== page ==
“We affectionately refer to this as a ‘stent on a stick,'” Ecker said. The tool – also called a “stentriever” – removes clots from the brain by traveling through the arteries to where the clot is located in the brain. Surgeons can introduce the stentriever through an arm or the groin area and guide it all the way to the brain.

The procedure is so new that most hospitals don’t do it yet – or don’t have the 24/7 capability that Maine Med does – and it’s not yet reimbursed by Medicare, Medicaid or most private insurance. Maine Med is the only hospital in Maine that does the procedure, Ecker said.


But the four international studies showed that the procedure dramatically improves outcomes in cases where it is applicable. Ecker believes the procedure soon will become more commonplace as awareness grows and insurance starts paying for it. It’s been a standard procedure at Maine Med for three years because of its strong results, he said.

The stent works by breaking up the clot and then removing it. Unlike a cardiac stent, nothing is left behind.


The sooner a stroke patient can make it to the hospital, the better chance doctors have to limit the damage caused by a clot, Ecker said. If patients arrive at the hospital within three hours after having the stroke, and begin surgery within 4 1/2, their chances of recovery are greatly improved. Even if it’s several hours later, the surgery can sometimes be helpful, depending on how much damage has been done to a patient’s brain.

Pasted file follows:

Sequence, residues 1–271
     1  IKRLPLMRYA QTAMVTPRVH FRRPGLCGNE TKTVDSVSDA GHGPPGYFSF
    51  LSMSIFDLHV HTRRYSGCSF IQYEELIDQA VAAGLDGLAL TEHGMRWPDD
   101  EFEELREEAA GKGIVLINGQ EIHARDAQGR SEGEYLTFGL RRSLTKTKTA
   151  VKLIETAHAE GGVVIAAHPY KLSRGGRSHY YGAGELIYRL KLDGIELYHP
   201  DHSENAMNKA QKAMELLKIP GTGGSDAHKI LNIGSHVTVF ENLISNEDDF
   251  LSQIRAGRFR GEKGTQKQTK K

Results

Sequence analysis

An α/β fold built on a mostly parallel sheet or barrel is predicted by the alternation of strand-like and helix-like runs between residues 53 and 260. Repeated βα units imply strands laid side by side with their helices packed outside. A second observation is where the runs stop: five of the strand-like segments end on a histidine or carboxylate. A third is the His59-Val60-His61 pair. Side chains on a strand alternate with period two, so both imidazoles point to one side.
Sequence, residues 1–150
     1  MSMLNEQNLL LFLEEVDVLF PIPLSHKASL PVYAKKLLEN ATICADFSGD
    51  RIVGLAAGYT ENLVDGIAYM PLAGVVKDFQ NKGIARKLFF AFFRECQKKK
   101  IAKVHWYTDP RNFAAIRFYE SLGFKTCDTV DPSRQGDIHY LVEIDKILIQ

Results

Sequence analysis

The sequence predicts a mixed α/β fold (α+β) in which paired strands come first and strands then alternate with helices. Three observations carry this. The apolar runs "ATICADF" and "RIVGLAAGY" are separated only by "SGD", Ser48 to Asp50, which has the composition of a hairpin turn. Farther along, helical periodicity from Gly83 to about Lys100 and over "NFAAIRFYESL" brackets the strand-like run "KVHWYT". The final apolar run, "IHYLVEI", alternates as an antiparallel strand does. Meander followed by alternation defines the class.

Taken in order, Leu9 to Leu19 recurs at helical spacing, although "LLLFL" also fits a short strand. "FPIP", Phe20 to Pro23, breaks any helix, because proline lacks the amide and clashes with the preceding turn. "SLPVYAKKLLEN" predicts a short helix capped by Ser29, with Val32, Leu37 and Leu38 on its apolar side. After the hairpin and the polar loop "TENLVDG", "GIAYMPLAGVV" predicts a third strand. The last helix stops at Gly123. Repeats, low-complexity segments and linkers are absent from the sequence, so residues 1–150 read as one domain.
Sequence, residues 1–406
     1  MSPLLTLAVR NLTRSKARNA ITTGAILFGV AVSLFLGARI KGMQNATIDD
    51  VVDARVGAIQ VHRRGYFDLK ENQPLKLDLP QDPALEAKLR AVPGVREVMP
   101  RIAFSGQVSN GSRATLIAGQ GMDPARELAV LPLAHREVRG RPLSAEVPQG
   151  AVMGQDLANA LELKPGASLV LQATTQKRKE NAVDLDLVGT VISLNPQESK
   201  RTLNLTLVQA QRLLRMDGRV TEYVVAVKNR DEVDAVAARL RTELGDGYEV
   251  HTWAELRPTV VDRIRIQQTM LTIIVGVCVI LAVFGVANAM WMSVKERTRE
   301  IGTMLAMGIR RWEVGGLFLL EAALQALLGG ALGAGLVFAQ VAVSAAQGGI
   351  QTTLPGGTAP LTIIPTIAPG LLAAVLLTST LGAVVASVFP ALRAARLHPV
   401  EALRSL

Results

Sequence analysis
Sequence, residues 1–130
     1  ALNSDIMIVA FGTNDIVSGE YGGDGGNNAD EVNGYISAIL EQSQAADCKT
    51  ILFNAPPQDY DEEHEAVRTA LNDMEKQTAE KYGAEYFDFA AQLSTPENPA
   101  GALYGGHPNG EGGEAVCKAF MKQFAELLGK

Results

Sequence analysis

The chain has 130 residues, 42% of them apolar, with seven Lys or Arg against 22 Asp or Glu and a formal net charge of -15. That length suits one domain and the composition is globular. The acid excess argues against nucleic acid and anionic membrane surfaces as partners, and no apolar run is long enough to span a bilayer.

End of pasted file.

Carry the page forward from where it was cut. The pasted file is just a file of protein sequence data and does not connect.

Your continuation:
Ecker said awareness is key – both for potential patients and doctors in far-flung areas.

He said for the 10 percent or so of stroke patients who can be helped by the procedure, the difference between having the clot removed by the retrievable stent versus using only clot-busting drugs can be dramatic.


Ecker said a lack of awareness in Maine is reducing the number of people who could be helped by the procedure. While Ecker and his surgical team perform upward of 100 of the retrievable stent surgeries each year, he estimates 200 to 300 patients in the state could benefit from the technique. The research shows 60 percent can live independently after the surgery, but even the other 40 percent have improved outcomes.

Ecker said he has seen some dramatic recoveries – people who were debilitated by a stroke walking and talking because of the surgery.

“The personal satisfaction from seeing this is amazing,” said Ecker, 43, a native of Brookline, Massachusetts. “I could work the rest of my career and never come across anything as meaningful as this.”

For the Riccas, Ecker saved Bert from death or a lifetime of paralysis.

“When it happened, Dr. Ecker told me that he didn’t have time to fully explain what they were going to do, but that if it was his brother on the table, he would do the surgery,” said Danielle Ricca, a nurse. “I said, ‘OK, let’s go.'”

Bert Ricca did not have a quick recovery. He suffered a second stroke, was on 90 days of antibiotics to treat the heart infection and had numerous other complications. But he’s at home, able to take care of himself and the couple’s two children, ages 3 and 1, and goes to speech therapy while he continues to recuperate.


He often speaks in one-word sentences, but shakes his head vigorously “yes” when asked if he’s grateful for the surgery.

Their 3-year-old boy, Auger, helps dad with his words.

“It gets frustrating at times, but we’re very grateful that he’s here,” Danielle Ricca said.